15 Of The Most Awe-Inspiring Photos Of Namibia

Namibia’s stunning sand dunes, German colonial architecture and incredible wildlife areas have earned it a spot as one of the most picturesque places in Africa. Of course, we here at AFKTravel never need much reason to pack our bags, but if you have any hesitation, these 15 awe-inspiring photos of Namibia will make you want to buy a plane ticket TODAY.

Dune 45, Sossusvlei, Namibia (Shutterstock)

Dune 45, Sossusvlei, Namibia (Shutterstock)

1) Sossuvlei Dunes

Sossusvlei is a vast desert area consisting of thousands of massive dunes. The most photographed sand dune in the world, Dune 45, reaches 80 meters (almost 250 ft) as it emerges from Sossuvlei.

Luderitz, Namibia (Shutterstock)

Luderitz, Namibia (Shutterstock)

2) Luderitz

One of Germany’s four former African colonies, Namibia definitely has the best-preserved colonial buildings compared to the other three (Togo, Cameroon, and Tanzania), partly because Germany retained it the longest, and partly because of Namibia’s low population and slow urban growth.

giraffes

Shutterstock

3) Etosha National Park

Namibia is home to an amazing assortment of wildlife, and Etosha is one of its best parks.

Fish River Canyon, Namibia (Shutterstock)

Fish River Canyon, Namibia (Shutterstock)

4) Fish River Canyon

Fish River Canyon is second only to the Grand Canyon in terms of impressive geological features. Located in the extreme south of the country, the canyon is over 100 miles (160 km) in length and can reach depths of 1600 feet (550 meters).

San bushmen in the Kalahari desert (LUCARELLI TEMISTOCLE / Shutterstock)

San bushmen in the Kalahari desert (LUCARELLI TEMISTOCLE / Shutterstock)

5) San People

Also known as Bushmen, the San are one of the oldest ethnic groups on the planet. While many have modernized and now live in cities and towns, the ones that retain their traditional hunter-gatherer lifestyle maintain the same practices as their ancestors did thousands of years ago.

namibia shipwreck

The wreck of the Edouard Bohlen, Namibia (Courtesy of Coastalcare.org)

6) The Skeleton Coast

One of the most forbidding in the world, the Skeleton Coast is named for the remains of ships and sailors that have washed up here over the centuries. Rough surf, heavy fog and frequent storms marooned many a seaman on the beaches. Even if sailors survived the wreck, they had the seemingly endless desert to contend with.

deadvlei

Deadvlei, Namibian desert (Shutterstock)

7) Deadvlei

The Deadvlei salt pan is located near Sossuvlei in Namib-Naukfluft Park. Very few plants survive this harsh environment and the skeletons of the 800-year-old acacia trees have turned black from centuries of being scorched in the sun.

(Jeremy T. Hetzel/Flickr)

(Jeremy T. Hetzel/Flickr)

8) Twyfelfontein Rock Art

Located in northwest Namibia, the carvings and paintings of animals at Twyfelfontein date back 6,000 years. It is one of the largest repositories of ancient art in all of Africa.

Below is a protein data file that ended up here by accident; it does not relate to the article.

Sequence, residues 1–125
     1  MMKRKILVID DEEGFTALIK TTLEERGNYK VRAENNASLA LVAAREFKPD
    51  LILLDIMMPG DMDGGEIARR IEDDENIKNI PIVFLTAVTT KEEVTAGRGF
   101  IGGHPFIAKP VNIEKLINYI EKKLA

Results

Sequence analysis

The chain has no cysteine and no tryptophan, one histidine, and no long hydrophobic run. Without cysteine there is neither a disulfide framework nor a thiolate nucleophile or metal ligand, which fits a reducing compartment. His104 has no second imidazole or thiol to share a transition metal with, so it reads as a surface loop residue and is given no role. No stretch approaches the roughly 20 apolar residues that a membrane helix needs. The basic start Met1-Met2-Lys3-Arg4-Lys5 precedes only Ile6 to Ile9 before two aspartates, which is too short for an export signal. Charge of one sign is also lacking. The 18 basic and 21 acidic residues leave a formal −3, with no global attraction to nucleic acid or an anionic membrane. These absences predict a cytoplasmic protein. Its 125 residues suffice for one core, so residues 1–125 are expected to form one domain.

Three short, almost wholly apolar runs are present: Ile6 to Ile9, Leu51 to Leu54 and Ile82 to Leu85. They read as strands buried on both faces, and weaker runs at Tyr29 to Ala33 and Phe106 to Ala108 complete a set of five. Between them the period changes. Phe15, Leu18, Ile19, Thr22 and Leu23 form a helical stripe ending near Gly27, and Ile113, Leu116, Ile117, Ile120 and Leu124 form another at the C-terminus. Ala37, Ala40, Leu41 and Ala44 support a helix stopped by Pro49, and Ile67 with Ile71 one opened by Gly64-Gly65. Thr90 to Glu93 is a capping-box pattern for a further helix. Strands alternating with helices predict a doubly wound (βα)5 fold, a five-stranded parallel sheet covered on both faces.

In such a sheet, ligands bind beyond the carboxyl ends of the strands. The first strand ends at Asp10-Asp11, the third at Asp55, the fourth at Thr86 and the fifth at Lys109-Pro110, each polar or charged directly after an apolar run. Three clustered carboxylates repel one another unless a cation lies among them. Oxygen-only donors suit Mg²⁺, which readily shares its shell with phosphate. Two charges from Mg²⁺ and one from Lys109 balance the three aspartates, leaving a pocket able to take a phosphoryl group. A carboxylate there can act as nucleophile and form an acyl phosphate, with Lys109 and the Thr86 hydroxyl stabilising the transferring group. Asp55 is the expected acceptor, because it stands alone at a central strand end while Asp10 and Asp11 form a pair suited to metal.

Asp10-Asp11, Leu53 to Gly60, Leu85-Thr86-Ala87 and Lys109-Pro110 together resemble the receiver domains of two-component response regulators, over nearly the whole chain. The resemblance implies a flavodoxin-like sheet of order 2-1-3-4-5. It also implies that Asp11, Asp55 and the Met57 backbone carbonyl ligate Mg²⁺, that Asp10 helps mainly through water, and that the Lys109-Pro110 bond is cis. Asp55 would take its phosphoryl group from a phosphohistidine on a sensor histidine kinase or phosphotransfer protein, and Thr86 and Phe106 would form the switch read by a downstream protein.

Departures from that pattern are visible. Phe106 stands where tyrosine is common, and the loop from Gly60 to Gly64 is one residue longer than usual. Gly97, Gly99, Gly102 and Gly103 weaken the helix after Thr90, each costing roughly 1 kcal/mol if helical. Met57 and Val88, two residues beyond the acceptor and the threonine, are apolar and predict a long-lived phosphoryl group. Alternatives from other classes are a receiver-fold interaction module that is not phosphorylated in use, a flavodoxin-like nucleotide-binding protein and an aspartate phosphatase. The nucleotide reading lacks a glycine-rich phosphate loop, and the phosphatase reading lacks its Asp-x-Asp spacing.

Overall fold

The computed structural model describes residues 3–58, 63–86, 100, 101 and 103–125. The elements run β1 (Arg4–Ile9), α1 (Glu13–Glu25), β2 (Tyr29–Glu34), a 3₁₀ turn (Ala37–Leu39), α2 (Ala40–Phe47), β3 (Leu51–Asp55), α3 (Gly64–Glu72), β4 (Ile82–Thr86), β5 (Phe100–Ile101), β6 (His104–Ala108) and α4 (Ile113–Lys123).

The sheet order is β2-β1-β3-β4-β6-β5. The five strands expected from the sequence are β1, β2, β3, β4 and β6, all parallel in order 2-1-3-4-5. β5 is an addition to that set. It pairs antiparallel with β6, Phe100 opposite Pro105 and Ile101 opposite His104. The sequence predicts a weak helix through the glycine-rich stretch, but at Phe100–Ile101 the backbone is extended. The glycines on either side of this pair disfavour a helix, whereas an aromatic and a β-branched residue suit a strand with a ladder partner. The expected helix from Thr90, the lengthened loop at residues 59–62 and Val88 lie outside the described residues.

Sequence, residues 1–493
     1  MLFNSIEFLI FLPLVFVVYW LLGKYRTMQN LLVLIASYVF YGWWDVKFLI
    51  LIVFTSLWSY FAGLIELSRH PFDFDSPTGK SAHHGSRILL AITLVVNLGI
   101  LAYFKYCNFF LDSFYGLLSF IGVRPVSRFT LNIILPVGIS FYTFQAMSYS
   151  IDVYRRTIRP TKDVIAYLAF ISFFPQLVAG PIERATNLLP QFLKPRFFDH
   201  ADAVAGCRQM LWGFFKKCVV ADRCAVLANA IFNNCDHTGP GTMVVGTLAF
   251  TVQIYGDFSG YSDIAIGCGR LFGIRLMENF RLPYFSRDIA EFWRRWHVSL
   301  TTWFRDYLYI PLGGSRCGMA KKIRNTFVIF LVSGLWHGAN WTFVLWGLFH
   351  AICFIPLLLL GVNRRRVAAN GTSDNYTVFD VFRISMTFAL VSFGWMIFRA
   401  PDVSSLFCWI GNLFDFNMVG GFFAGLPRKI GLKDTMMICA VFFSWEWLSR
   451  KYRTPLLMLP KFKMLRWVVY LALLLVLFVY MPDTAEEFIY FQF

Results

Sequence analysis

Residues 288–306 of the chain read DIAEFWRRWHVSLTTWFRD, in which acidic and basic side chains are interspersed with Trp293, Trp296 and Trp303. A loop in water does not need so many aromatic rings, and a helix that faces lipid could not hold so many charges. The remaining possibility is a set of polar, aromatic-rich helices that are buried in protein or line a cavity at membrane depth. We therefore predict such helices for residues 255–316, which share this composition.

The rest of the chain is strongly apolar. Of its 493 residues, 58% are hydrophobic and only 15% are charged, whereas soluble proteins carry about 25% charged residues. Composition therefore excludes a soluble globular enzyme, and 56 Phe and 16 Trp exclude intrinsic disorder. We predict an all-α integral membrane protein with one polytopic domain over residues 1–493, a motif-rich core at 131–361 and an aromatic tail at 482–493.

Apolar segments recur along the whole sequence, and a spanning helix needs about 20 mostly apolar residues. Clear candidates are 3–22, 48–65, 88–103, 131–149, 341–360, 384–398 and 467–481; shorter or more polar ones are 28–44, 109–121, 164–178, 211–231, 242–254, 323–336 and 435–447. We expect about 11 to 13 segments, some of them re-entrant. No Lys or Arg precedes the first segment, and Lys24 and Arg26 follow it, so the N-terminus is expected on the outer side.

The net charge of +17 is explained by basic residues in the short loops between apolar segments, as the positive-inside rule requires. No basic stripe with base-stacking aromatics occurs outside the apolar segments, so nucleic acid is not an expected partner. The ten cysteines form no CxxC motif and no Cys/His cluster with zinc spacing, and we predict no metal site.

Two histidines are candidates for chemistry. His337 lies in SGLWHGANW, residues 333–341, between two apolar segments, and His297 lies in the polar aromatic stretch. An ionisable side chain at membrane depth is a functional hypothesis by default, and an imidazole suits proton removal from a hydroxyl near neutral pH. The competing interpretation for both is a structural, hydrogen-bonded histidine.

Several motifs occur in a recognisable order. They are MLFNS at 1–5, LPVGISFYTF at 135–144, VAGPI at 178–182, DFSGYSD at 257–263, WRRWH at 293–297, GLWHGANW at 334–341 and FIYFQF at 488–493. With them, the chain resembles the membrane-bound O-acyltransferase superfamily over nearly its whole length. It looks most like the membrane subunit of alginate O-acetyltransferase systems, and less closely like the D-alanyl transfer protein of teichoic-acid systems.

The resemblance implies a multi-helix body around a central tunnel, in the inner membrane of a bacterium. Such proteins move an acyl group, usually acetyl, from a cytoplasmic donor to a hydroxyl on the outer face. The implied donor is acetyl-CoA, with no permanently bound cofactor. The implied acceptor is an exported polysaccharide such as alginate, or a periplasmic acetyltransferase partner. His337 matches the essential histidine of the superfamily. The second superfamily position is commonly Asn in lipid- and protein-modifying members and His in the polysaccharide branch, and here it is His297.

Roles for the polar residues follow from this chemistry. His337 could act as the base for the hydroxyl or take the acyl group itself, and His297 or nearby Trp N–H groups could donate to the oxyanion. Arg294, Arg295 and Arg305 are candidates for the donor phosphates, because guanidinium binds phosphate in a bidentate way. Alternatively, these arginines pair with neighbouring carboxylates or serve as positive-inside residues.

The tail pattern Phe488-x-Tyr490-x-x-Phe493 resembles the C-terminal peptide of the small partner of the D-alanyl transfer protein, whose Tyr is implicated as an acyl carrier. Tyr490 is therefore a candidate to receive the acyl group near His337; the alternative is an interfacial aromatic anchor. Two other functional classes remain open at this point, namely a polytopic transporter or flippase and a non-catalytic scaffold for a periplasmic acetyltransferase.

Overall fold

(Nicolai Bangsgaard/Flickr)

(Nicolai Bangsgaard/Flickr)

9) The road less traveled

Namibia’s mostly flat landscape and excellent road system make it ideal for those who want to see the country by bike. Make sure you’re prepared though, as Namibia has the second lowest population density on Earth, meaning that if you get stuck, it could be a long time before help arrives.

himba woman

A Himba woman, Namibia (FCG / Shutterstock)

10) The Himba

Known for their distinctive hair styles and accessories, the Himba are considered the last semi-nomadic people in Namibia, besides the San. If you want to learn more about them, there are tour operators who offer sustainable cultural visits.

An elephant in Mamili National Park, Namibia (Shutterstock)

An elephant in Mamili National Park, Namibia (Shutterstock)

11) The Caprivi Strip

The tiny strip of land at the border of Namibia, Angola, Zambia, and Botswana has an amazing diversity of wildlife.

Sesriem Namibia

12) Sesriem

Located near the Naukluft Mountains, Sossuvlei Dunes, and Sesriem Canyon, the entire area of Sesriem is stunning. One of the best ways to take it all in is via an early morning balloon safari.

spitzkoppe

Spitzkoppe, Namibia (Shutterstock)

13) Spitzkoppe

The granite peaks of Spitzkoppe are hundreds of millions of years old and rise like monoliths out of the desert. The highest peak is 1800 meters high (5800 feet).

Seals at Cape Cross Reserve, Namibia (Shutterstock)

Seals at Cape Cross Reserve, Namibia (Shutterstock)

14) Cape Cross

Located on the Skeleton Coast, Cape Cross is home to thousands of Cape Fur Seals, one of the largest colonies in the world.

(Damien du Toit/Wikipedia Commons)

(Damien du Toit/Wikipedia Commons)

15) Kolmanskop

Located near Luderitz, Kolmanskop is former diamond mining town that’s now a ghost town. It was completely abandoned in 1954 and the desert is slowly but surely reclaiming the area, making for haunting images like the above.

Related content on AFKTravel:

15 Things You Probably Didn’t Know About Namibia’s Skeleton Coast

10 Namibian Tribes You Didn’t Know About

Photo Essay: A Journey Through Namibia’s Etosha National Park


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